Lebanese rescue teams did not start evacuating the building until the morning and only after the camera crews came. The absence of a real rescue effort was explained by saying that equipment was lacking. There were no scenes of live or injured people being extracted. There was little blood, CNN's Wedeman noted: all the victims, he concluded, appeared to have died while as they were sleeping -- sleeping, apparently, through thunderous Israeli air attacks. Rescue workers equipped with cameras were removing the bodies from the same opening in the collapsed structure. Journalists were not allowed near the collapsed building. Rescue workers filmed as they went carried the victims on the stretchers, occasionally flipping up the blankets so that cameras could show the faces and bodies of the dead. But Israelis steeled to scenes of carnage from Palestinian suicide bombings and Hezbollah rocket attack could not help but notice that these victims did not look like our victims. Their faces were ashen gray. While medical examination clearly is called for to arrive at a definitive dating and cause of their deaths, they do not appear to have died hours before. The bodies looked like they had been dead for days. Viewers can judge for themselves. But the accumulating evidence suggests another explanation for what happened at Kana. The scenario would be a setup in which the time between the initial Israeli bombing near the building and morning reports of its collapse would have been used to "plant" bodies killed in previous fighting -- reports in previous days indicated that nearby Tyre was used as a temporary morgue -- place them in the basement, and then engineer a "controlled demolition" to fake another Israeli attack. The well-documented use by Palestinians of this kind of faked footage -- from the alleged shooting of Mohammed Dura in Gaza, scenes from Jenin of "dead" victims falling off gurneys and then climbing back on -- have merited the creation of a new film genre called "Palliwood." There is increasing evidence that the Kana sequel is another episode in this genre, a variety which might be called Hezbollywood. The Hezbollah have evidently learned their craft well.
Aug 2, 2006
Check out this interesting site and views on the "massacre at Qana"
How genuine are these pictures and reports of what happened there?
A number of pictures I have seen elsewhere on the TV News have seems staged.
So who is this man?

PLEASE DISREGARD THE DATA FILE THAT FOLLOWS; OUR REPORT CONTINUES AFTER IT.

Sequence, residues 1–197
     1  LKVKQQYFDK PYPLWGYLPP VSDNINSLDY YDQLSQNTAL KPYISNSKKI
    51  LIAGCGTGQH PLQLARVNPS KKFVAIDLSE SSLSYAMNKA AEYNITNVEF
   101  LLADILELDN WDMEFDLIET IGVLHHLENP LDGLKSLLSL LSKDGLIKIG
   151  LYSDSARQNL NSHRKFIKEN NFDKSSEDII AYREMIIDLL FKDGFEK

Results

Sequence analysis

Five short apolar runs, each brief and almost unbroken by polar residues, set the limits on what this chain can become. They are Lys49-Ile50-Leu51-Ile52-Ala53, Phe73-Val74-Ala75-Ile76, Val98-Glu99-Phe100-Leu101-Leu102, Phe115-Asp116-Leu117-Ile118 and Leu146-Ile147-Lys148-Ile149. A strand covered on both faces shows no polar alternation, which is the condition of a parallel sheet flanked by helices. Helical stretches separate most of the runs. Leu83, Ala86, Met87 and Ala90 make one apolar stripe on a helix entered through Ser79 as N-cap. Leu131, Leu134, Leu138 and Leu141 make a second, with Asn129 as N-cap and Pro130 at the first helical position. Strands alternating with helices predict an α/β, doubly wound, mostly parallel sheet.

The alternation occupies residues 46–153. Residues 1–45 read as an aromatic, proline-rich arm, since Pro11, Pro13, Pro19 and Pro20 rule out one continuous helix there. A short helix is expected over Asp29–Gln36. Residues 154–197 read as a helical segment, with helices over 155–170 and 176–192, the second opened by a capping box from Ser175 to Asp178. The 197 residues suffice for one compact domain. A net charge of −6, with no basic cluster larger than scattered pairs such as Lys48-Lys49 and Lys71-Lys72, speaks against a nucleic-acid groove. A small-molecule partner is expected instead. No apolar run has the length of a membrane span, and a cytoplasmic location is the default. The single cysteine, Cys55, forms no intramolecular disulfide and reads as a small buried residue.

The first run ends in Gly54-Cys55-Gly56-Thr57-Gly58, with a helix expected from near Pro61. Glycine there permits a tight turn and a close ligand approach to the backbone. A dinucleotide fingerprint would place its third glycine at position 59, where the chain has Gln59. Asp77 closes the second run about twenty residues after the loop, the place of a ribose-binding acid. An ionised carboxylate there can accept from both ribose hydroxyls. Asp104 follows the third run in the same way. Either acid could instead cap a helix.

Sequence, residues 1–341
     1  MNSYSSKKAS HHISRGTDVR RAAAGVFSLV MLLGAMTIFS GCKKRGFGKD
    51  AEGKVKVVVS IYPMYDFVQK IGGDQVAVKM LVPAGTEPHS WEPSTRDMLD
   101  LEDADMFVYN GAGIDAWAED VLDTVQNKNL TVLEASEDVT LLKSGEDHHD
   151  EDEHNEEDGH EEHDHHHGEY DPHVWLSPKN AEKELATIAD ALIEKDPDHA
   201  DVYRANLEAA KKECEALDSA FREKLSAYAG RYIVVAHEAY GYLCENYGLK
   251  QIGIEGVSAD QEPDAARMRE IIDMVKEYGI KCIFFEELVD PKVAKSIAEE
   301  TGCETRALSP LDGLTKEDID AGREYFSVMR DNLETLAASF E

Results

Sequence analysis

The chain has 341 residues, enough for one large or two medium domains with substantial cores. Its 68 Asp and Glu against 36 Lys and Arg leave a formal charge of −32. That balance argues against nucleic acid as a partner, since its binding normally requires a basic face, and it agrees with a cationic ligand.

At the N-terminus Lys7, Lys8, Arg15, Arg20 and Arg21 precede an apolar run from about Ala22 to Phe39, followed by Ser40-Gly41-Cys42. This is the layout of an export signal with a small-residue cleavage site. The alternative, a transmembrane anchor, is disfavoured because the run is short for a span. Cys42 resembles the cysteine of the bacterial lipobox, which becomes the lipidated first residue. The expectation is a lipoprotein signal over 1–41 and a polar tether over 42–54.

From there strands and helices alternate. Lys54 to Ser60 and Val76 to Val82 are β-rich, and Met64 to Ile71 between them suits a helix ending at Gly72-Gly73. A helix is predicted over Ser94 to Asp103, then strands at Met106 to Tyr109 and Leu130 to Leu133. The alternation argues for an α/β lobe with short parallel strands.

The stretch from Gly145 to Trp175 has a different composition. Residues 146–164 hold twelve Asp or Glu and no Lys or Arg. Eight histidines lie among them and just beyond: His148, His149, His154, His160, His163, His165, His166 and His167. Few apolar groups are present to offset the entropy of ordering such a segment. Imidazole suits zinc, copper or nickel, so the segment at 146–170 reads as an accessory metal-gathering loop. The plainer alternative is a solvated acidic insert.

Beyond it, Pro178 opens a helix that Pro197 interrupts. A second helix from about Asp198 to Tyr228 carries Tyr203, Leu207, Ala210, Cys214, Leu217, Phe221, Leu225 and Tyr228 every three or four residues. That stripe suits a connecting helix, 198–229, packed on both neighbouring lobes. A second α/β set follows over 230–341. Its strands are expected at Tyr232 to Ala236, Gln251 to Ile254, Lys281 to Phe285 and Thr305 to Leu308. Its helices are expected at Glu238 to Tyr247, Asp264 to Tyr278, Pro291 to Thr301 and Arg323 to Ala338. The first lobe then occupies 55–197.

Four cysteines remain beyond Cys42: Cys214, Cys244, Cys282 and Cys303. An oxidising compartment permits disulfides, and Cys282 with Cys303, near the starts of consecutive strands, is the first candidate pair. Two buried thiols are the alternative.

Jul 21, 2006
The BBC and the British media have become quiet hysterical about the evacuation of about 4000 people from Lebanon and compared it to Dunkirks 470,000 people not much difference?.
Whilst a few hundred die in Lebanon,deplorable as it is, thousands die in Darfur, Somalia etc. without even a mention. Is it because they are black?. Hundreds die in Mumbai bombing, not a mention on the TV, or radio this week.
Jul 9, 2006
John Prescott is hanging on to his job by the skin of his teeth, he may have banned fox hunting, but the media pack are baying for his blood. The latest so called revelations of his involvement with 'a Cowboy' is laughable. I can't wait to see the cartoons of 'Cowboy John' running the country.
Jul 2, 2006
The BBC on its website has reported that the EU is responsible for the increase in rape in the Palestinian territories, because of their cut in funding development.
Jul 1, 2006
Jun 28, 2006
I picked this grovelling piece up from the BBC news sight....
"News has been to Zambia as part of a special series looking at how
Africa is faring one year on after the promises of increased aid made at the
G8 summit in Gleneagles.
Kenneth Kaunda, Zambia's first president, talks
to Jon Cronin about life in office, his hopes and fears for Africa, and his
one-time dancing partner Margaret Thatcher.
"Although my voice is croaky
because I'm having a slight cold, I will sing you a song."
With that Kenneth Kaunda,
Zambia's founding president and the man who played a crucial
part in southern Africa's liberation struggle, takes up his guitar and
begins to sing.
The former leader lives a quieter life now than when he
led Zambia through 27 years
of one-party rule.
These days he devotes
much of his time to the battle
against the spread of Aids, one of the
biggest threats facing the region. "
Jun 25, 2006
Jun 17, 2006
I have heard there are troubles of more than one kind.
Some come from ahead,
and some come from behind.
But I've bought a big bat.
I'm all ready you see.
Now my troubles are going to have troubles with me!
Reflect on this and be at peace.
Above from amusing conservative blog
Jun 16, 2006
Jun 15, 2006
But in an impassioned speech, Bishop Robinson argued that the question was whether the church recognised the life of Christ in its gay and lesbian members.
It was not primarily about the future of the worldwide Anglican communion, he said.
"I am not an abomination before God," he said. "Please, I beg you, let's say our prayers and stand up for right."
He told the BBC that resolutions proposed by the convention were part of a conversation - one that he would not shy away from.
"I won't walk away. I will stay here and I will talk with anyone who is willing to talk. I will be as faithfully true as I can be with people who can be equally as faithful," he said."
This quote was taken from the BBCnews site. What does the last sentence by Roinson mean? It sounds like 'Spong speak'